Dung beetles (Coleoptera: Scarabaeidae: Scarabaeinae) are key bioindicators and are important for ecosystem functioning. Most species utilize mammalian dung for food and breeding although some feed on other types of decomposing materials: carrion, rotting fruits or fungi. They have been shown to be sensitive to tropical forest modification and fragmentation (Halffter & Arellano, 2002; Davis et al., 2004; Davis & Philips, 2005; Nichols et al., 2007), and to changes in mammalian communities (Estrada et al., 1999; Andresen & Laurance, 2007; Nichols et al., 2009). They may also provide a cost-effective indicator group for tropical forest disturbances (Davis et al., 2001; Gardner et al., 2008). Results from dung beetle studies in fragmented tropical forests show that species richness is positively correlated with area (Klein, 1989; Andresen, 2003; Feer & Hingrat, 2005) and negatively correlated with isolation (Estrada et al., 1999). However, few studies have examined the community shift of dung beetles in tropical forest fragments (Larsen et al., 2005). Even fewer studies have looked at how geographical and environmental characters, together with species traits, influence dung beetle community structure in forest fragments (Larsen et al., 2008). Both decreases in dung beetle diversity and changes in their community structure may have negative consequences on ecosystem functioning, including dung burial and nutrient recycling (Stokstad, 2004; Horgan, 2005; Slade et al., 2007; Yamada et al., 2007), secondary seed dispersal (Feer, 1999; Andresen, 2001, 2003; Bang et al., 2005) and biological control (Bornemissza, 1970; Fincher, 1973; Gronvold et al., 1992; Nichols et al., 2008).

Here, by examining dung beetle assemblages in 24 land-bridge islands and three mainland control sites in the tropical forests of Peninsular Malaysia we ask the following questions. (1) Is there support for the SIE in the study archipelago? (2) What are the determinants of species richness on the islands? (3) Do patterns in community composition support the existence of an SIE? We hypothesize that on small islands, idiosyncratic processes not only render species richness independent of area but also cause community composition to be more variable (Levin, 1992; Leibold et al., 2004). (4) What traits of dung beetles are correlated with species’ rarity and hence vulnerability to local extinction in forest fragments? We hope that our results will be relevant for the management of biodiversity in Southeast Asian forest fragments, a region experiencing the highest deforestation in the tropics (Sodhi et al., 2010).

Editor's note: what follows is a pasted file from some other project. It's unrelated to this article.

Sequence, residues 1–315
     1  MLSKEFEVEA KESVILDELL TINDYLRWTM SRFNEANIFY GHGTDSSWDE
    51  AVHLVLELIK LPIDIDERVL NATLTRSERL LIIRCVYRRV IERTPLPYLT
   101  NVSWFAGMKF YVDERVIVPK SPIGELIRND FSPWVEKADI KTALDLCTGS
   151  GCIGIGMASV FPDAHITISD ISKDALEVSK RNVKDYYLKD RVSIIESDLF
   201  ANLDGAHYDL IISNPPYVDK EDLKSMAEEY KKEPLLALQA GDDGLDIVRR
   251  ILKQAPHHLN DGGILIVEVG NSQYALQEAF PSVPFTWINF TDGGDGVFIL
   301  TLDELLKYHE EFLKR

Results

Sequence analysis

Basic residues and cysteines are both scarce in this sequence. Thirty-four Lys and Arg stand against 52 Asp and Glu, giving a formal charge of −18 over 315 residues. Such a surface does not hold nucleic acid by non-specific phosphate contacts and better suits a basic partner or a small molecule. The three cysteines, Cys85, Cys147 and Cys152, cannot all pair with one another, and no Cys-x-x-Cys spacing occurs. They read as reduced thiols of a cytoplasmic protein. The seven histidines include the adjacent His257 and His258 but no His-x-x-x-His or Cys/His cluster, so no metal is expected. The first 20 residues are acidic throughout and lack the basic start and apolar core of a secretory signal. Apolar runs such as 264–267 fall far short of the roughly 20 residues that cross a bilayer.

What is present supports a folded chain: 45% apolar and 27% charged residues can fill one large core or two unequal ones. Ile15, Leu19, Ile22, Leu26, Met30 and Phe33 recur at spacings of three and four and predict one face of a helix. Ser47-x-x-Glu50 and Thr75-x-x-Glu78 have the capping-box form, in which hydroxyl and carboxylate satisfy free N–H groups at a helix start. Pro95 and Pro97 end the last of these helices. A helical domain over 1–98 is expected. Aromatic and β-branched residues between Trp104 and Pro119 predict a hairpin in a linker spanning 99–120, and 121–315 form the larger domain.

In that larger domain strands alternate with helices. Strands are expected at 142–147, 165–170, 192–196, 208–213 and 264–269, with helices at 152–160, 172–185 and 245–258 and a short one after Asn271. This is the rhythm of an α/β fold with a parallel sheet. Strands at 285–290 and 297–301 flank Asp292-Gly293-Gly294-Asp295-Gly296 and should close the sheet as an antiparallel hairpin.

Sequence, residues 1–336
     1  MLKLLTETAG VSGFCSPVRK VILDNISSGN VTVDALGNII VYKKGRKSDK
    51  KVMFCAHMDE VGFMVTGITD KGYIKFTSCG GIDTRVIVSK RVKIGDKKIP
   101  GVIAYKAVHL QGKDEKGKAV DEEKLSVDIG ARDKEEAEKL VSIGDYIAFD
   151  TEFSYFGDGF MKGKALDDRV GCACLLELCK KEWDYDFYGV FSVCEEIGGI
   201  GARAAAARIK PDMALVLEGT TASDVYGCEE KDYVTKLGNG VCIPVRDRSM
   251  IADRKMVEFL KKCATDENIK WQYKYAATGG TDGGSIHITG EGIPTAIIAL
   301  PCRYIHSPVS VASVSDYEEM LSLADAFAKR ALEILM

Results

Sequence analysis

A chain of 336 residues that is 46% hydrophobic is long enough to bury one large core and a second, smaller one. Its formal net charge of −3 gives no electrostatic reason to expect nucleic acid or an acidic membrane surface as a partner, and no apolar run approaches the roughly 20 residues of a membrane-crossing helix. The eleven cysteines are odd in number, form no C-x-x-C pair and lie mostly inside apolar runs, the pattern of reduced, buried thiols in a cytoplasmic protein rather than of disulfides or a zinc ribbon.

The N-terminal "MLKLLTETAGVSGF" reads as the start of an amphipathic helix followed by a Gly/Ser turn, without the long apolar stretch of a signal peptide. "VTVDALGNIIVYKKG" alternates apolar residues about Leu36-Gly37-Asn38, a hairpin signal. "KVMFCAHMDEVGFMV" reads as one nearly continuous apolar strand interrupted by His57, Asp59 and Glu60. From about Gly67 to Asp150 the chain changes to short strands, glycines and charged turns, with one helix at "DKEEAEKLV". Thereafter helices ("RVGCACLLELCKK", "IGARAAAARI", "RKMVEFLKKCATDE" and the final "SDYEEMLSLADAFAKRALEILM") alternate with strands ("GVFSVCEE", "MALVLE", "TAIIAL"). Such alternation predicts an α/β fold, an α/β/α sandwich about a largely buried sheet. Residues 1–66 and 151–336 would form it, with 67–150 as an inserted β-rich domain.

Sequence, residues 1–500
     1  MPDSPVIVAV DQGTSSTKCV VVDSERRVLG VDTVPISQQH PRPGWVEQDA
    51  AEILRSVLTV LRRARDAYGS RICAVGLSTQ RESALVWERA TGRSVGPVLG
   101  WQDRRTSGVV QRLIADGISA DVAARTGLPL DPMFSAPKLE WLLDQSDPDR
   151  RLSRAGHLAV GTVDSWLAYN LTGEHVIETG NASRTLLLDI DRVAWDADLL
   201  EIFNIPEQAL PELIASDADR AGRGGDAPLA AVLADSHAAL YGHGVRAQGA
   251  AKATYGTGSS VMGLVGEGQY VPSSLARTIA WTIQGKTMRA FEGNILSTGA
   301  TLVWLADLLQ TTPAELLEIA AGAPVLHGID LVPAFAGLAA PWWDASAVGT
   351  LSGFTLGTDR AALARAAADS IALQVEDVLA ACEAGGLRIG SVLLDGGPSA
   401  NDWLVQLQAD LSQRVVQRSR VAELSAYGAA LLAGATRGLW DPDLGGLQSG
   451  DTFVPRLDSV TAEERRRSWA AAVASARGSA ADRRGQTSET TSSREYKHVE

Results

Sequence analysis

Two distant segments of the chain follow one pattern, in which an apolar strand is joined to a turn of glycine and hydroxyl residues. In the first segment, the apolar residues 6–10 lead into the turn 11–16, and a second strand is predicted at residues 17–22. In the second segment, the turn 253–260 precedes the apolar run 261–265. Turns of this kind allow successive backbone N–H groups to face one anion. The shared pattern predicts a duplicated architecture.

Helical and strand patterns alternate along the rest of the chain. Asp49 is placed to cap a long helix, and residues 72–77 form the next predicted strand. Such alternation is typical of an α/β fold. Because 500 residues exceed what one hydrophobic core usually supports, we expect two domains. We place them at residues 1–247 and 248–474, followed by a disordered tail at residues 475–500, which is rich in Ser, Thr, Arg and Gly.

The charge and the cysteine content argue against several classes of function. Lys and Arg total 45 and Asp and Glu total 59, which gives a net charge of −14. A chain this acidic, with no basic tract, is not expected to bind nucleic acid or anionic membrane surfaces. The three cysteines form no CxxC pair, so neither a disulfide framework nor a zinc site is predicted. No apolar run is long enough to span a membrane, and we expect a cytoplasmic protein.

Materials and methods

Study site

This research was conducted in Lake Kenyir, a hydroelectric reservoir in the state of Terengganu, north-eastern Peninsular Malaysia (5°00′ N, 102°48′ E; 145 m a.s.l.) formed by the damming of the upper tributaries of the Terengganu River in 1986. The dam flooded 36,900 ha within the 260,000 ha catchment area of dense hilly forest. Over 340 land-bridge islands were formed from former hill tops, ranging in size from less than 1 ha to over 1000 ha. Most of them have steep banks and narrow littoral zones. Forests on the islands and surrounding mainland were selectively logged before the creation of the dam. The vegetation type in the area is tropical humid forests and consists mainly of lowland and mid-elevation dipterocarp forests. The region generally experiences heavy rain due to the north-east monsoon from November to March and a relatively hot and dry season from May to October, with annual precipitation varying between 2700 and 4000 mm (Furtado et al., 1977).

Dung beetle sampling